CORL’s Analysis Reveals Critical Gaps in IT Security Certification Upkeep Among Vendors Servicing Health Systems and Health Plans

ATLANTA – Jan. 17, 2017 CORL Technologies (CORL) today announced the identification of a significant lack of security practices leading to potential risk across thousands of health industry business associates (BAs) compared with companies servicing other industries. Using the health industry’s largest database of 30,000 vendors, CORL’s analysis found only 26 percent of health information technology (HIT), medical device and outsourced service BAs possess a security certification, including HITRUST, SOC 2 Type 2, ISO 27001 and FedRAMP.

CORL is a SOC 2 Type 2 certified IT security vendor risk management firm with headquarters in Atlanta. The company’s expert research analysts assess vendor security practices and recommend security strategies and solutions.

“Large health systems and health plans rely heavily on BAs. Many maintain a roster of hundreds to thousands of vendors with access to protected health information. This means more third-party vendors than ever have access to a covered entity’s data,” said Cliff Baker, CORL’s CEO. “Without the proper security certifications in place, a security breach experienced by only one business associate or its subcontractors could result in a damaged reputation, substantial regulatory penalties and breach remediation costs in the millions of dollars.”

CORL’s research reflects the most extensive and unique data analysis of its type. The company sampled the certification status of 1,000 vendors from CORL’s database of more than 30,000 health industry BAs.

“Our research clearly indicates a wake-up call that valuable patient data is not secured properly and vigilantly, and remains at high risk,” Baker said. “Hospitals, health systems, payers and other providers must implement risk assessment and management strategies for their BAs to mitigate and defend against future breach attacks.”

Two CORL clients employed at the same mid-size health system located in the Midwestern U.S. offered these comments:

“We impose contract obligations with our BAs to keep our data secure, and consider certifications a strong indicator of commitment to data protection. In fact, vendor certification is a major buying decision for us,” said the manager of information systems services.

According to the director of internal audit and corporate compliance, “Few vendors have certifications yet, so we are unable currently to make it a contractual requirement. However, we rely on CORL to engage the vendors and push certifications and risk remediation activities. It’s a slow move, but a shift is definitely occurring across the health industry.”

Key findings from CORL’s research are as follows:

  • Covered entities are not holding BAs accountable for investing in security.
    • Sixty percent of health industry vendors surveyed lack a dedicated security leader.
    • More than 50 percent of a health system's vendors are small, and certification rate typically drops to about 5 percent for these types of companies.
    • Many certifications provided by vendors do not relate to protecting PHI, such as SSAE-16 and PCI.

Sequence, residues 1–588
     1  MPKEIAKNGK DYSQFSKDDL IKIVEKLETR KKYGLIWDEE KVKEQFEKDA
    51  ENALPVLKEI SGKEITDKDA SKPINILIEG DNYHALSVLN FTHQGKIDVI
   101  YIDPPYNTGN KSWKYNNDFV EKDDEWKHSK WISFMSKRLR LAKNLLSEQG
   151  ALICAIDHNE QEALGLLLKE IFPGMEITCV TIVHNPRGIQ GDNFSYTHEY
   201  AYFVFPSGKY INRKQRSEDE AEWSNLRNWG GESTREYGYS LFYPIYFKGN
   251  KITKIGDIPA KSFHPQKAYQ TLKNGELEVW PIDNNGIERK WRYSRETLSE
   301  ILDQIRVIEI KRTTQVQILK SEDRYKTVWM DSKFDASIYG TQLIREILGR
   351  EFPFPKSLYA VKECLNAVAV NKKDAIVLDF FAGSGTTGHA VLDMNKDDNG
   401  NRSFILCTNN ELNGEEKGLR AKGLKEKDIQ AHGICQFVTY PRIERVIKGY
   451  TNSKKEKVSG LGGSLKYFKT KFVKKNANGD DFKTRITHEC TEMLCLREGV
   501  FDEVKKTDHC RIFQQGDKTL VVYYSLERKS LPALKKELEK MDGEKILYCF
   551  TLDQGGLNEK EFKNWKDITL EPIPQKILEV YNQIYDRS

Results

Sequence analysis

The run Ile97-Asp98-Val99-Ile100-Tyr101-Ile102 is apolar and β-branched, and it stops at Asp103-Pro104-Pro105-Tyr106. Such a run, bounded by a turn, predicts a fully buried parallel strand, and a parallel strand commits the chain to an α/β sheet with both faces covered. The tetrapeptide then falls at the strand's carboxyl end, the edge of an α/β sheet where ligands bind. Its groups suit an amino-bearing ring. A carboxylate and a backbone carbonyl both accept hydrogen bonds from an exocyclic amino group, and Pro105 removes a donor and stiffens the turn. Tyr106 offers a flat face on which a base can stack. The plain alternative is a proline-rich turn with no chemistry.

• Health industry vendors fall behind significantly in investing and maintaining security certifications compared with vendors servicing other industries.
  • Non-health-specific companies such as Microsoft, Oracle, IBM and Google have multiple certifications including a combination of ISO, FedRAMP and SOC 2. Some are pursuing HITRUST and other health industry certifications. Microsoft Azure announced Jan. 3 that it is now HITRUST CSF Certified. The HITRUST Certification is one of the most widely recognized security accreditations in the health industry.
  • By contrast, there is no consistency in certifications for many other HIT and outsourced services companies, and 74 percent of BAs lack relevant security certifications.
  • Relevant certifications most often adopted by vendors servicing health industry providers and insurers:


Type of Certification

Percent Adopted by Vendors

ISO 27001: 2013

















1 Observing significant growth in healthcare     2 Not relevant to protecting PHI

“We believe a greater level of transparency in the relationship among providers, payers and vendors is achievable through adherence to industry standards, comprehensive security frameworks, and the attainment of their related certifications,” said Baker.

Baker recommends the following guidelines for hospitals, health systems, payers and BAs: 

  • Covered entities must take regulatory responsibility to understand the security risk to PHI created, received, maintained or transmitted by hired vendors and their subcontractors.
  • Security certifications give reasonable assurance about the safeguards in place to protect the data, and better determine risk and the related risk management plans to adopt.
  • A security certification is not a guarantee for security. It is, however, essential in helping organizations understand the safeguards in place to protect PHI.

About CORL Technologies

CORL Technologies in Atlanta is a leading provider of vendor security risk management solutions. The company was founded in 2012 to address the immediate need for vendor security intelligence. CORL’s Vendor Security Risk Management solutions are delivered as a managed service and are supported by expert research analysts who collaborate with an intelligence sharing community. With CORL, hospitals, health systems and payers can monitor risk with third-party vendors, ease compliance audits, and improve executive communications and risk-analytics reporting. Visit CORL at or follow on Twitter and LinkedIn.

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